Friday, May 20, 2016
Clarksburg Edition: Julio's Cafe
I've heard great things about Julio's Cafe - from a New York Times piece to praise from locals. My friend Kayla recently visited this place and once again raved about the meal. I implored her to go once again - with me - so I can finally experience it.
We were handed menus, which was nice because I know that they sometimes (or at least used to) not give out menus and rather simply read off the list of menu options.
I quickly put in an order for the "Signature Tomato Plate" because I was starving, and I'm a sucker for anything "signature." Fresh tomatoes paired with fontanella, provolone, pecorino romano, bocconcini mozzarella and topped with their homemade secret sauce. Count me in.
The thick chunks of tomato were delicious, and there were three hunks of fresh mozzarella, and delicious crumbly wedges of the fontanella. I didn't love the thin slices of provolone - I feel like they could've been thicker or not at all. Also the secret sauce was essentially a pesto - and a balsamic would've been delicious. But, it was tasty and a nice fresh first bite.
While waiting for our entrees, I noticed how cool the dark tin ceiling and wooden accents and art was. A lava lamp accompanied each table. Its vibe harkens back to an old-school Italian restaurant - apparently with roots in Calabrian cooking. Many of the immigrants in the Glen Elk area hail from the province of Calabria, so having a restaurant that reflects that type of homestyle cooking makes sense.
We were served a basket of garlic toast, alongside olive oil, crushed red pepper and grated Parmesan cheese to make a small pool of yummy.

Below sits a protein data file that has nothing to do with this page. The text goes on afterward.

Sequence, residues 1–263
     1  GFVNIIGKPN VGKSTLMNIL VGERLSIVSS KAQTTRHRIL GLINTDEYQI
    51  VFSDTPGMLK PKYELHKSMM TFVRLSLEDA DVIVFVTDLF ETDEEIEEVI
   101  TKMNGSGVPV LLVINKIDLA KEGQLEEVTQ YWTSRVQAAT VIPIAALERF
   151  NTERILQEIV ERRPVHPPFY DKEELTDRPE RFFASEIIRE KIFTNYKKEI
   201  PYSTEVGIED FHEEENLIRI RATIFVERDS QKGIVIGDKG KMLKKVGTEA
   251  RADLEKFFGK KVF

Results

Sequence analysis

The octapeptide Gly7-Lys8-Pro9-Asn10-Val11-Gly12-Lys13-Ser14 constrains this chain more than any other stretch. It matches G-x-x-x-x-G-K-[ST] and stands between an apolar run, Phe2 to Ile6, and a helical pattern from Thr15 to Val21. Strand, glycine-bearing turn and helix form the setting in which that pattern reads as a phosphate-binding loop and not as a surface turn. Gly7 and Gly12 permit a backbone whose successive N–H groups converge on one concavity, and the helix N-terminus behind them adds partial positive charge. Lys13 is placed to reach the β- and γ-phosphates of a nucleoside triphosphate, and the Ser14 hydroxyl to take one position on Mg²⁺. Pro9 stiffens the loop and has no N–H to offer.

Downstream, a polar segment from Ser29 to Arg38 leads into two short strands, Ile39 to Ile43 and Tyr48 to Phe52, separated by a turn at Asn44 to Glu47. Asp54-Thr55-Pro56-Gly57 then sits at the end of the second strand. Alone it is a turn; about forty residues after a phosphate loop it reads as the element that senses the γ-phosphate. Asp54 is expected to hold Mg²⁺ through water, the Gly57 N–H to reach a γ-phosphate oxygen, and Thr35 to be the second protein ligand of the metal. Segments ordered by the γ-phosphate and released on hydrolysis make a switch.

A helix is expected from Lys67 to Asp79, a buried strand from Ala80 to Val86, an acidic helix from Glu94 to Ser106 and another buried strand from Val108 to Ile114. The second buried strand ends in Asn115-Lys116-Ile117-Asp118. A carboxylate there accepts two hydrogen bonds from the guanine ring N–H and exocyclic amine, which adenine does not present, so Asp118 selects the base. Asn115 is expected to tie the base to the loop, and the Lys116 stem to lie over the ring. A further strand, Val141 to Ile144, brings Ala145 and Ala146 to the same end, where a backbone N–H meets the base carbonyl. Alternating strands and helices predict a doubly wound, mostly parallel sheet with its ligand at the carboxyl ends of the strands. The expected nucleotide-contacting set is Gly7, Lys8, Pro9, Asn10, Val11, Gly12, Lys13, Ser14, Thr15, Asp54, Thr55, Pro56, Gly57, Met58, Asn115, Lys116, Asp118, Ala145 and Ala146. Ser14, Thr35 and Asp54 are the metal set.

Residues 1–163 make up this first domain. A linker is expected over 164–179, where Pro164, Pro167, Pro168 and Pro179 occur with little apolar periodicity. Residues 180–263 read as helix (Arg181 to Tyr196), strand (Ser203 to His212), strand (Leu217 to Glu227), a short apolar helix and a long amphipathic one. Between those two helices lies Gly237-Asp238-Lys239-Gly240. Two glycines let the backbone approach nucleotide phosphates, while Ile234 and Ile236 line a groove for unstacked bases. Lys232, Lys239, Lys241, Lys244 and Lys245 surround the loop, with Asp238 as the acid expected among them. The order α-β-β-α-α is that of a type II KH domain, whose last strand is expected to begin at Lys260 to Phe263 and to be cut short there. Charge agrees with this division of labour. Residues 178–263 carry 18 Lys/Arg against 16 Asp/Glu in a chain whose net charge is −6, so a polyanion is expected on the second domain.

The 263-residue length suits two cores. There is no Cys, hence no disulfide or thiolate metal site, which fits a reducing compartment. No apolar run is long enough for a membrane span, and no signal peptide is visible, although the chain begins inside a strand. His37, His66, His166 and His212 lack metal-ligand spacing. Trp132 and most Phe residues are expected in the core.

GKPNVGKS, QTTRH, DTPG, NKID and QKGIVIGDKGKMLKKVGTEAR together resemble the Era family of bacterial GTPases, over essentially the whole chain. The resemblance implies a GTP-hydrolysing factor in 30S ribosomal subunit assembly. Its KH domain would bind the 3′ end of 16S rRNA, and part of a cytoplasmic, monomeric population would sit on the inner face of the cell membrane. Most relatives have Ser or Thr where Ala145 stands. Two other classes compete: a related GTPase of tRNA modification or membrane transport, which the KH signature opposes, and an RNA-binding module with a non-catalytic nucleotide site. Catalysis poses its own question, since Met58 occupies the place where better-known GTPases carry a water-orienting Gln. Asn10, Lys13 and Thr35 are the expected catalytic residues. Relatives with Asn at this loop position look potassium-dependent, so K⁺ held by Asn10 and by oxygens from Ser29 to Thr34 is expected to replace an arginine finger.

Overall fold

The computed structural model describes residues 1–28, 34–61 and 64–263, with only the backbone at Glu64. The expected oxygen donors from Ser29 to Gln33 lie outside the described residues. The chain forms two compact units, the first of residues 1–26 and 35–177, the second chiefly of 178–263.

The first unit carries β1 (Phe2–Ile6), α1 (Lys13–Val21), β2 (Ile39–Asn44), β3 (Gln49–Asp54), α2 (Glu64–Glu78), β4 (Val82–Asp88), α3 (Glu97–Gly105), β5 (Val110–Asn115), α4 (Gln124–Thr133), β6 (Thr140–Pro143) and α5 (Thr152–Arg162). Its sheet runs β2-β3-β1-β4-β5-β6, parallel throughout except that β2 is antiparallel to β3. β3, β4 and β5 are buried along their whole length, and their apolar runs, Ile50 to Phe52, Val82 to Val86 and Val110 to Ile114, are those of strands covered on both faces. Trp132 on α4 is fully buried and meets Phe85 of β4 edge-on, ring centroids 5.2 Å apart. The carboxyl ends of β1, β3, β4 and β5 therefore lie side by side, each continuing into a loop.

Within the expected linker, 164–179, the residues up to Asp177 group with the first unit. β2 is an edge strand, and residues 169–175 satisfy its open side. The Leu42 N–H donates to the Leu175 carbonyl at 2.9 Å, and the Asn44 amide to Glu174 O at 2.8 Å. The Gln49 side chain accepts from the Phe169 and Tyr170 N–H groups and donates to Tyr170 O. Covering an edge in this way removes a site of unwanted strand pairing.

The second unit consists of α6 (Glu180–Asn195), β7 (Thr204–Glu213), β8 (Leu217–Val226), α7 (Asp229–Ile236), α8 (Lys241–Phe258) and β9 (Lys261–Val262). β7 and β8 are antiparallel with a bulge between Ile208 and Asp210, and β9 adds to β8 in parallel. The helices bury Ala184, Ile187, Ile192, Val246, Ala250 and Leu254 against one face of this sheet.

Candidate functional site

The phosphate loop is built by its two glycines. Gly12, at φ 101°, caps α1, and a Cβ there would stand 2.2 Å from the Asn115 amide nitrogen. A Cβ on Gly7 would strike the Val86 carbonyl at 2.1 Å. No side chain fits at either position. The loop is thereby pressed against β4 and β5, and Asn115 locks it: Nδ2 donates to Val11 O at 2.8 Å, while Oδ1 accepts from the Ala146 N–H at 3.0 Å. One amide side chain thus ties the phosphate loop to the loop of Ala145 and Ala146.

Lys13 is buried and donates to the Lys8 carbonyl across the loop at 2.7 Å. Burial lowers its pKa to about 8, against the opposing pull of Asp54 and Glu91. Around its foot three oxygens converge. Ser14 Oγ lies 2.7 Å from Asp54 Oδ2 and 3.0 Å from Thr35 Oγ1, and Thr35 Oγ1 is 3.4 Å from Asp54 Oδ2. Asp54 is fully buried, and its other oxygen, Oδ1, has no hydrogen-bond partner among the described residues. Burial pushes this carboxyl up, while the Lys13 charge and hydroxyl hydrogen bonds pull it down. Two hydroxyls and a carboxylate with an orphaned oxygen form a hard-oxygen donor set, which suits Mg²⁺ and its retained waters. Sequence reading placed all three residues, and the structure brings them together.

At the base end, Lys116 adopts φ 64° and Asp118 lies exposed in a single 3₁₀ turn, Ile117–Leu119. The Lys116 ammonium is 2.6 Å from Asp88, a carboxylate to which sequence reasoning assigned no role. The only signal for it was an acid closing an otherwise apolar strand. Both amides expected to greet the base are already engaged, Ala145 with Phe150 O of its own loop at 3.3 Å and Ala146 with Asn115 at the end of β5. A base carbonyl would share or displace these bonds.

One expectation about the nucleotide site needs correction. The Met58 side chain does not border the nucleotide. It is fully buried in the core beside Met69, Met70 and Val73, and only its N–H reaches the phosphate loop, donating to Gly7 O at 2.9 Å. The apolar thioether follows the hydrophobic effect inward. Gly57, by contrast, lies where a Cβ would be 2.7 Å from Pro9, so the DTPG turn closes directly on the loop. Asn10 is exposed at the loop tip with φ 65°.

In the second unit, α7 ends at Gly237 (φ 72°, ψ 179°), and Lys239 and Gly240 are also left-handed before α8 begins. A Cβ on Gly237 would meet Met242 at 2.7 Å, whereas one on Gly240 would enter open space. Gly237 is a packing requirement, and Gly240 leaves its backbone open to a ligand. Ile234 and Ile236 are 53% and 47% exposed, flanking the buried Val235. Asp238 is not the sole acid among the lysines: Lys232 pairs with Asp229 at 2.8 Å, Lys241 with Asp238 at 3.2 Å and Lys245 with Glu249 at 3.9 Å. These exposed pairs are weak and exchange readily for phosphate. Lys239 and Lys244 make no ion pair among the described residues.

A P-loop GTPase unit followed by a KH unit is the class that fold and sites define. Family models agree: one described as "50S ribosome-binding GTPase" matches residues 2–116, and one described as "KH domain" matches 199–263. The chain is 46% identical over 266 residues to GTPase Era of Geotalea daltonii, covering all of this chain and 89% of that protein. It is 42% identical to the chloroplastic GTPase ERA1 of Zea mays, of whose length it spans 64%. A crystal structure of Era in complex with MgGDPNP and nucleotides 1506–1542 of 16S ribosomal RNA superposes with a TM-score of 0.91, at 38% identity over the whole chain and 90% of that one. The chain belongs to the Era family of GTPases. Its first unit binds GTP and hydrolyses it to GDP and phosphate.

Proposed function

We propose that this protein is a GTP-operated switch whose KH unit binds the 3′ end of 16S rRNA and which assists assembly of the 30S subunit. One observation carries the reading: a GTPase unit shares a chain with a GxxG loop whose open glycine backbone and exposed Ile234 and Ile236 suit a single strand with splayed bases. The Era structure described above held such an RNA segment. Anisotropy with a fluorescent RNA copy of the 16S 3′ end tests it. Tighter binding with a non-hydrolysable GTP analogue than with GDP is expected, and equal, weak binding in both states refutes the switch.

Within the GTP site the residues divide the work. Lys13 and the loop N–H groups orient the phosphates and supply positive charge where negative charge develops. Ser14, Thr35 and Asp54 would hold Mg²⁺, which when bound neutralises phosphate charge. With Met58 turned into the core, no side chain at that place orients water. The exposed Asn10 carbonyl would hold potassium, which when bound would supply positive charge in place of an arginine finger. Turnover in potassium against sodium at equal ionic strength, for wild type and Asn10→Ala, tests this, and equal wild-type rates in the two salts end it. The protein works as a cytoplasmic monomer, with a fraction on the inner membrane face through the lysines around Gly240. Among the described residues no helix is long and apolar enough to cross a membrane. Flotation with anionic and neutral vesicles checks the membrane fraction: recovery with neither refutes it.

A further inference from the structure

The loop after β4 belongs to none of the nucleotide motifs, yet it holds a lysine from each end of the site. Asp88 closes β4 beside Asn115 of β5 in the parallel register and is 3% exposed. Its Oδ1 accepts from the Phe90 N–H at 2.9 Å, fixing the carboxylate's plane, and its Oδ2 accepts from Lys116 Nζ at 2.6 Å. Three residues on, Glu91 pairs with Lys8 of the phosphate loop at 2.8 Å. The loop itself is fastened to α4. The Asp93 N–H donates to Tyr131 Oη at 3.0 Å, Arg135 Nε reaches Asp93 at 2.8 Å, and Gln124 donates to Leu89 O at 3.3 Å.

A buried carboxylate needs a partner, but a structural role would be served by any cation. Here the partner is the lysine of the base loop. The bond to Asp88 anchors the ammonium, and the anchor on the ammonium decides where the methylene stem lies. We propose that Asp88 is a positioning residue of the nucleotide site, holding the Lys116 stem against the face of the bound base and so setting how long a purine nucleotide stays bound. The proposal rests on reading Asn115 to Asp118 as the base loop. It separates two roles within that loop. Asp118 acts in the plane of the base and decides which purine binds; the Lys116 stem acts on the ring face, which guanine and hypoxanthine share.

Next up was pasta e fagiole with beans and pasta in a light broth. I wish I were a bigger fan of beans, but they just don't do much for me.
My entree arrived in a massive heap. Layers of pasta took turns with a delicious cheese mixture and meat to create a tasty tower covered in a perfect red sauce. This sauce has a great flavor - a deep, rich tomato base with a nice spice and sweet. Not too thick, but not too runny. Very good.
Kayla ordered the Costanza, which was sundried tomatoes in a vodka cream sauce. I snuck a bite, and it was also quite good! I love a vodka sauce. I was surprised the sundried tomatoes weren't chunks within (which would have been a good texture variation), but rather were integrated into the sauce. Tasty.
We couldn't pass up the dessert. I went for a brownie with vanilla ice cream, and Kayla went with a butter pecan ice cream dessert. Both delicious; both diet-busters. Worth it? Yes.
I think, for the most part, this is a lovely little restaurant. I think it has some good, traditional food, and I think it has a great history. I think the first 10 minutes of my experience here set a not great tone, which was a bit hard for me to overlook. Fortunately, the food is tasty - and the basics here (like the red sauce) are phenomenal.